Steve Kamenicky, known on the street as “Ponytail Steve,” is fully aware of the harsh truths about the opioid epidemic having been a heroin addict for four decades. Now that he’s kicked the habit, he helps addicts gain access to a drug called naloxone.
For those addicted to heroin or other opiates, naloxone can mean the difference between life and death.
When someone overdoses on an opioid, their breathing slows down or stops. But naloxone, which is also known as Narcan, blocks the effects of the opiate and actually reverses the overdose. Naloxone can be administered in a number of ways, such as a nasal spray or the more common method of injecting the drug into the thigh, arm, or buttocks.
But while awareness and access to the drug is becoming more common among police officers, firefighters, paramedics, and addicts, the number of fatal overdoses in the Chicago region continues to grow, illustrating that naloxone alone may not be enough to combat the surge in overdoses.
This week, Morning Shift is talking to people who are on the frontlines of the opioid crisis on a daily basis.
One of those people is Kamenicky. WBEZ spent a day at his home as he explained the drug to addicts who visited him.
Kamenicky was finally able to quit for good a few years ago after the death of his wife,who passed away due to medical complications from her own addiction to heroin. Between his wife’s death and the fact that he himself had been “brought back” to life half a dozen times from accidental overdoses, Kamenicky decided to work for the social service agency Chicago Recovery Alliance, which gives out naloxone and teaches addicts how to use it in the event of an overdose.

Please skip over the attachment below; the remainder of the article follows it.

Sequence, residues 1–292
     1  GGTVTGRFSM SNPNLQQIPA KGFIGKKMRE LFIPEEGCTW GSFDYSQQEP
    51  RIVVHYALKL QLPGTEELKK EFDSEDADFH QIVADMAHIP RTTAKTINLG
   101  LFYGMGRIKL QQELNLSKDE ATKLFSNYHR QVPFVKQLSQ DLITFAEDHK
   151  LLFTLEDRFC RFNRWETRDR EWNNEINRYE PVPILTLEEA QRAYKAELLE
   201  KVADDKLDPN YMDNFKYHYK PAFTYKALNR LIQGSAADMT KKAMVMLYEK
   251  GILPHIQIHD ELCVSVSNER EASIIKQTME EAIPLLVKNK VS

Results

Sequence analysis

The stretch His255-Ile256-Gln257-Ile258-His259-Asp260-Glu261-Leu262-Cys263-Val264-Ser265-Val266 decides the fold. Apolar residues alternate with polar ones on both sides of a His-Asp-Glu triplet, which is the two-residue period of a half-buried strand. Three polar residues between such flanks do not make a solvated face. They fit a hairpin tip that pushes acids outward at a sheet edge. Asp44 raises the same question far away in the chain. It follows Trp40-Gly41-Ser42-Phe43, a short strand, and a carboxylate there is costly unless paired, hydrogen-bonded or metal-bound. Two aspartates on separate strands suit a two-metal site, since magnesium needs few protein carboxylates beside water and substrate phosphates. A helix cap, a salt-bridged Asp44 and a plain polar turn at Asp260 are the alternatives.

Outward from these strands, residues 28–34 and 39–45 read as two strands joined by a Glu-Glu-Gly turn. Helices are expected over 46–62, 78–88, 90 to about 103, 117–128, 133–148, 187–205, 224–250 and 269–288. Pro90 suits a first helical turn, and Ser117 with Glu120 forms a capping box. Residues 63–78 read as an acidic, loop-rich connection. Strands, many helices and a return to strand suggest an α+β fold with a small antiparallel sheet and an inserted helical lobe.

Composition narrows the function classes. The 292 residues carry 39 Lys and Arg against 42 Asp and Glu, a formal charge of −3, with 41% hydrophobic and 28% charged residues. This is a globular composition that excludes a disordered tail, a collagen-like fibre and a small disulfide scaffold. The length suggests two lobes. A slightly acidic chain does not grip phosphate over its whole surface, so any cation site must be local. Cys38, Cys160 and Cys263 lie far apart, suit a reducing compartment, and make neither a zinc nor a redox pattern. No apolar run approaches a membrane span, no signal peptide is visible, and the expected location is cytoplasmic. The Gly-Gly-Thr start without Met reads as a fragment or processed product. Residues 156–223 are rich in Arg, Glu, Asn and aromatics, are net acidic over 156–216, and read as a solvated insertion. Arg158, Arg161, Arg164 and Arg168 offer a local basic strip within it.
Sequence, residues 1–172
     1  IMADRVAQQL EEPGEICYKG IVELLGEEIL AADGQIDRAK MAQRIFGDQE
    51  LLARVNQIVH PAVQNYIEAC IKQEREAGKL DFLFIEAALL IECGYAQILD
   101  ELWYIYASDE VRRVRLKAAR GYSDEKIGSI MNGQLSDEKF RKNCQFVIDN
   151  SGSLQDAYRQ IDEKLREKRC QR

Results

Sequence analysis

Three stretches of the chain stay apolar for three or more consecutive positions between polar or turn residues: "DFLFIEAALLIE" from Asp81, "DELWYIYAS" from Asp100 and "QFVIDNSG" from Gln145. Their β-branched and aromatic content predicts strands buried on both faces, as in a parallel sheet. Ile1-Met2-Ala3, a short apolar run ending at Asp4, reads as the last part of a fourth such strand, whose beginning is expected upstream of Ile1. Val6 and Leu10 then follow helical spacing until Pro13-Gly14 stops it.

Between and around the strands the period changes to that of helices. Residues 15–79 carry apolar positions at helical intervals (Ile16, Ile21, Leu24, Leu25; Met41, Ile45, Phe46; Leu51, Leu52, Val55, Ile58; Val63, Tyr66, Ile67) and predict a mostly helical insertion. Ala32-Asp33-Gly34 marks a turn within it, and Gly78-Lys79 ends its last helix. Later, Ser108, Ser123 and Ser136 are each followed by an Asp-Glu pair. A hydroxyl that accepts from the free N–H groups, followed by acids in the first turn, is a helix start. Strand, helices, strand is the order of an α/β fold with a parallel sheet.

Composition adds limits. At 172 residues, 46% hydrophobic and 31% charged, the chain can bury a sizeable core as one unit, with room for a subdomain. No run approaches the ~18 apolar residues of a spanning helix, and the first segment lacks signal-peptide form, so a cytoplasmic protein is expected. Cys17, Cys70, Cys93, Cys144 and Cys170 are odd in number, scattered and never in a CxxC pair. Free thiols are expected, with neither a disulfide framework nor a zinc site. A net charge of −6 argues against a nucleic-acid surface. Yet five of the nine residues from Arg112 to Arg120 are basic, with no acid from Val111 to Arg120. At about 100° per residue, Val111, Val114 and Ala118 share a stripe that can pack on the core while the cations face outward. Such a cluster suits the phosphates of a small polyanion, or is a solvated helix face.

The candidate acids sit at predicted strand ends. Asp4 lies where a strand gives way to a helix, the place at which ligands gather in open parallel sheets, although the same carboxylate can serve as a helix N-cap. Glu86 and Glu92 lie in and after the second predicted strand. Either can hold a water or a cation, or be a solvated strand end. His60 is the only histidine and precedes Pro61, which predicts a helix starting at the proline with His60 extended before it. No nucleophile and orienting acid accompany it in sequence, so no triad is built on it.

Kamenicky’s small apartment in west suburban Northlake is neat and tidy. You’d never think that his steady stream of guests are heroin addicts looking for the supplies that can keep them safe from diseases and accidental overdoses. The shelf of his bedroom closet is stacked with boxes that include needles of various gauges, wipes, swabs, and naloxone.
The size of a box of Tic Tacs, this little device could save someone’s life. It’s called the Evzio auto-injector. It’s a one-shot, easy-to-use gadget that shoots the proper dose of naloxone directly into someone who has overdosed. When it was first approved in 1971, it cost around $500, according to the Centers for Disease Control and Prevention. Now with the opioid crisis in full effect, prices have risen to more than $2,000, the CDC says. That’s despite the fact that the drug itself costs very little, and a standard Naloxone kit only costs around $40, Kamenicky says.
Pictured above is one of the many people who visits Kamenicky for clean needles, syringes, and the accompanying paraphernalia needed to inject heroin.
His right hand was severely injured in a work-related accident. After several surgeries, doctors gave him opioid-based painkillers. When the prescriptions ran out, he was still in pain and found himself addicted to the drugs. So he turned to something he could get more readily — heroin.
Kamenicky breaks down the proper handling and use of a naloxone kit to his visitor. By his own count, Kamenicky has “brought back” about a hundred people who have overdosed over the years.
“The brain can only be deprived of oxygen for a few minutes before it all starts to shut down permanently,” he says, adding that’s why it’s crucial that addicts not inject alone, know how to keep as calm as possible, and administer the naloxone quickly.
Kamenicky bags up the supplies for his guest, which will last about a month. He then enters some basic information into a special app on his phone. Initials, date of birth, and mother’s first name are some of the ways that Kamenicky can keep track of who visits him, how often, and what he gives them without the person needing to give out their full identity.
Jason Marck is a producer for WBEZ’s Morning Shift. You can follow him at @jasonmarck.